With 'Perilous Fight,' Stephen Budiansky drags the War of 1812 out of obscurity
Published: Tuesday, February 01, 2011, 11:02 AM Updated: Tuesday, February 01, 2011, 11:12 AM
By David Walton
Until Vietnam, no war in American history had been so unpopular and so divisive as the War of 1812. It was "the forgotten war," says Stephen Budiansky in "Perilous Fight: America's Intrepid War With Britain on the High Seas, 1812-15," an excellent new history of what was, in effect, American's second war for independence.
Here was a confrontation long in the making. It nearly bankrupted the young republic, still struggling to pay off its Revolutionary War debt. But it proved for a second time that these former British colonies were now a nation to be respected, and reckoned with.
For years Americans called it simply "the late war," until war broke outwith Mexico in 1846-48. Its enduring name, "The War of 1812," says Budiansky, conveniently "sidestepped any memory of why the war had been fought, or even whom it had been fought against."
Military historian Budiansky illuminates and brings to life a conflict that, even for those of us who think we know our history, has always seemed obscure. Its principal cause, British "impressing" or kidnapping American sailors off American ships to fill their undermanned crews, seems arcane until we learn the count exceeded 10,000, plucked from a nation of about 7 million.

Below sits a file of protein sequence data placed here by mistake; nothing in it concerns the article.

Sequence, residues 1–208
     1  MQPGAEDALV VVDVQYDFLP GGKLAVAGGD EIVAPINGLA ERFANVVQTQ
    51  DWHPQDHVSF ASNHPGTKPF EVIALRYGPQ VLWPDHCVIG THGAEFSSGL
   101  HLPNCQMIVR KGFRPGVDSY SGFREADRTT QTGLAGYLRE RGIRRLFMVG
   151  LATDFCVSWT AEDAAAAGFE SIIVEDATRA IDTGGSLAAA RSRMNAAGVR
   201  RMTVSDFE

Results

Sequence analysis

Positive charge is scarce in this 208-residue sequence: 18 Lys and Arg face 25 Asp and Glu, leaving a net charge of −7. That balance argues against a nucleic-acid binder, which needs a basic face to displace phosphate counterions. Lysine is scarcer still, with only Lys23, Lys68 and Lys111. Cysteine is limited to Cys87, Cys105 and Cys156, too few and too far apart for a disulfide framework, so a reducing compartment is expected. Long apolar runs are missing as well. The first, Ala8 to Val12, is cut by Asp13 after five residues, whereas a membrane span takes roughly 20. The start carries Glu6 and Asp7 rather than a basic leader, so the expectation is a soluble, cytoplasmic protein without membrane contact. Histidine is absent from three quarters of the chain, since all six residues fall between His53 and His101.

British warships, too, regularly seized American merchant ships and goods they claimed (often correctly) were trading with Napoleon's France, then at war with Great Britain.
With nine-tenths of its citizenry living on farms, America was fast becoming an important trading force on Britannia's oceans -- its exports of cotton and wheat crucial to Britain's own economy.
Important here, however, was a healthy dose of "attitude" on both sides. "The Revolution had given America independence in name," Budiansky writes, "but her claims to a place among the civilized nations of the world struck even sympathetic British observers as pretentious or simply laughable."
On the high seas, where gentlemanly codes of honor prevailed, American seamen were seen as "inferior in both martial prowess and personal honor -- which in itself came to be a justification in the British mind for refusing to accord Americans the chivalric treatment due an equal."
Budiansky's narrative, like the war itself, spins on this opposition of minds and perceptions, as much as on the unequal struggle between adversaries with a 100:1 imbalance in sea power. It's a history by turns grand and grandiose, tragic and mean and appallingly bloody, and often mordantly funny, like the worst of family feuds.
While the British crews plied their traditions of "spit and polish" and made their vessels shine, the Americans relentlessly practiced their gunnery and improved their aim.
And the American technology revolution of the 19th century, then in its infant phase, was producing ships that were lighter, fleeter, and more maneuverable than the British. In short order, the U.S. triumphed in five one-to-one warship engagements, much to the shock and outrage of the British public.
"Perilous Fight" is highly readable and engaging. Budiansky is a master at cutting through complicated historical and technical material, and focusing on what's essential, in this case the war at sea, where the key issues were decided.
The War of 1812, where a small naval power successfully fought a hit-and-run strategy against the world's greatest naval power, offers innumerable parallels to our wars today, particularly in the way ingrained attitudes and perceptions shape strategies and tactics.
It's a book that many people, and especially those in the military, would read with profit.
David Walton is a critic in Pittsburgh, Pa.
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